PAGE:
The illusion of “one China” is sustained by the government, resulting in a denial of Taiwanese identity and a freeze on power: No elections are allowed until the whole of China is recovered, and all voters can take part in elections. At the same time, a fierce rebellion is orchestrated against the opposition in power, leading to the “White Terror” which will kill nearly 4,000 people.

As hopes of a return to the mainland faded and diplomatic failures accumulated, Chiang Kai-shek’s regime had to adjust to the new situation. In 1971, Taiwan lost China’s seat at the UN to the People’s Republic, while many countries established formal ties with the latter.

From then on, the challenge for the Kuomintang was no longer to reconquer the mainland, but to survive, particularly by deepening its roots on the island and improving its international image. This explains the democratic turn initiated by Chiang Kai-shek’s son, Chiang Ching-kuo, who allowed an opposition party to emerge (the Democratic Progressive Party), lifting martial law and putting an end to the monopolization of political life by mainlanders.

Unlike the PRC, which chose repression at Tiananmen Square in 1989, Taiwan’s student movements were followed by democratic reforms that led to the first presidential election in 1996.

Taiwan’s democracy flourishes

The National Assembly, a symbol of the artificial political scaffolding created by Chiang Kai-sheck, whose aim was to represent the Chinese government in exile in Taiwan, was restructured. Its “eternal” members were replaced by elected members of the Taiwanese people. As a result, the province of Taiwan was abolished: from being a basis for regaining China, the island became the official territory of the Republic of China, which asserted its sovereignty within its land and sea borders. The government revived the island’s rich cultural and linguistic heritage and abandoned its assimilation policy in favor of minorities.

Since then, the government has been divided between the Kuomintang, a supporter of the status quo and even unification with China, and the Democratic Progressive Party, which fiercely defends Taiwanese sovereignty.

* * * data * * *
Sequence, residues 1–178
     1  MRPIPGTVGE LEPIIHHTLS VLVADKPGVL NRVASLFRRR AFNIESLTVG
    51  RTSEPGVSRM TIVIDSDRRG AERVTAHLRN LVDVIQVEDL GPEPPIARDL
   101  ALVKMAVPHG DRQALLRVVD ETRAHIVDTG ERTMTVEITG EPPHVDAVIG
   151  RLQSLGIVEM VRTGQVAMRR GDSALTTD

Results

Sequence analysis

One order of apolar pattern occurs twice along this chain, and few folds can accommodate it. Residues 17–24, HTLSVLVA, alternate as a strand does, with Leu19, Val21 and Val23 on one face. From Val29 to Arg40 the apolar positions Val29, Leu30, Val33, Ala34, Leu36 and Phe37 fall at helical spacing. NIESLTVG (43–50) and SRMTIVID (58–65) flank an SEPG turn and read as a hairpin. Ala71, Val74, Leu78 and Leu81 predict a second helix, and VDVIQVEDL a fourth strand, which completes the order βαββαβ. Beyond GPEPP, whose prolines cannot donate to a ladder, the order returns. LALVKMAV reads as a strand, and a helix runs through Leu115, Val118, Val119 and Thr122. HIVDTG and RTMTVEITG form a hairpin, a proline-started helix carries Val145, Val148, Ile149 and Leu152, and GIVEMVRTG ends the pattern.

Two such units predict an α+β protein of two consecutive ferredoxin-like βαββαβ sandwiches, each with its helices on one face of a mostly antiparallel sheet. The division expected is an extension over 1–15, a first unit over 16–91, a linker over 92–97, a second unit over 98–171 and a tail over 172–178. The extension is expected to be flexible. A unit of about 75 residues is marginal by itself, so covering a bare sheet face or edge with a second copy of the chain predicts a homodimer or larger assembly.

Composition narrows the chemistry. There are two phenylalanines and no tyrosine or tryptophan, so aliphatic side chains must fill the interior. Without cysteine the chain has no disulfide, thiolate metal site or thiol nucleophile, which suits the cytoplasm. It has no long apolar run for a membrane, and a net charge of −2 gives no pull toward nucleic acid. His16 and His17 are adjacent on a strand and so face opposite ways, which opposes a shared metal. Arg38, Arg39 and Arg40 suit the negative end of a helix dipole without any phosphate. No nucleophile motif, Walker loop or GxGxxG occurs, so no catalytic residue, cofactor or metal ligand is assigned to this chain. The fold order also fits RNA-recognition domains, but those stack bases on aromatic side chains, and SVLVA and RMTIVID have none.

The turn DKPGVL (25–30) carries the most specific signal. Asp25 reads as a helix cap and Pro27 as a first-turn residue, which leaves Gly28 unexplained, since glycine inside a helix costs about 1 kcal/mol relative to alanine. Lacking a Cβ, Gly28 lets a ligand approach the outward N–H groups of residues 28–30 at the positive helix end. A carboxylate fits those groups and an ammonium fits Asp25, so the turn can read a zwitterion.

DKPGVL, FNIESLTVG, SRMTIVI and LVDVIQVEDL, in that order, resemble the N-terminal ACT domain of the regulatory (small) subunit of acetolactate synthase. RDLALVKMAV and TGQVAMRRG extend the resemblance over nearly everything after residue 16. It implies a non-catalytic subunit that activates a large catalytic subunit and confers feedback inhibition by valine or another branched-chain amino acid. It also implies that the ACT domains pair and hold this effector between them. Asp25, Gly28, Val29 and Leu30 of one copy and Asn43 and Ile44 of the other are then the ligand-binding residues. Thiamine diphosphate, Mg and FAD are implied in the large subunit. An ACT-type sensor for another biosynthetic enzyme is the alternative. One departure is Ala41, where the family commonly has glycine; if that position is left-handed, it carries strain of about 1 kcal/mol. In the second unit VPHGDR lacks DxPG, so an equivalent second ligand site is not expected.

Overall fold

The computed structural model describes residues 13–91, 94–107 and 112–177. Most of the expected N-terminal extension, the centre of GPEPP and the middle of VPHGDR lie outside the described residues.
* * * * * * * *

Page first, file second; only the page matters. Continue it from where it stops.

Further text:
Relations with China continue to be the country’s main political divide, repeatedly rocked by scandals and protests from one side or the other. This led to the Sunflower Movement in 2014, in response to a proposed free trade agreement with China that was scuttled under popular pressure.

The failure of this agreement curbs the Taiwanese people’s perception of borders with mainland China in terms of investment and trade yet does not challenge the country’s sovereignty.

Led by President Tsai Ing Wen, who adopts a hard line on Beijing, Taiwan has furthered its democratization process by striving to improve the political and economic inclusion of aborigines. In 2016, the president officially apologized to its indigenous communities for centuries of suffering and mistreatment. In 2018, she further apologized to the victims of the Kuomintang’s persecution during the White Terror.

Although a page has been turned, if the conflict with China remains, Taiwan will not be able to accomplish its political transition process. The idea of a change of regime and the abandoning of the title of “Republic of China” is strongly rejected by Beijing. it is considered a red line by China, and also by a part of the Taiwanese population.

However, this fact does not prevent the emergence of a Taiwanese identity quite unlike that of the Chinese world: according to a survey conducted by the National University of Chengchi, more than 60% of the population would consider themselves exclusively Taiwanese in 2021, compared to 25% in 1995. The proportion of citizens who consider themselves exclusively Chinese has fallen from 18% in 1995 to 2% in 2021.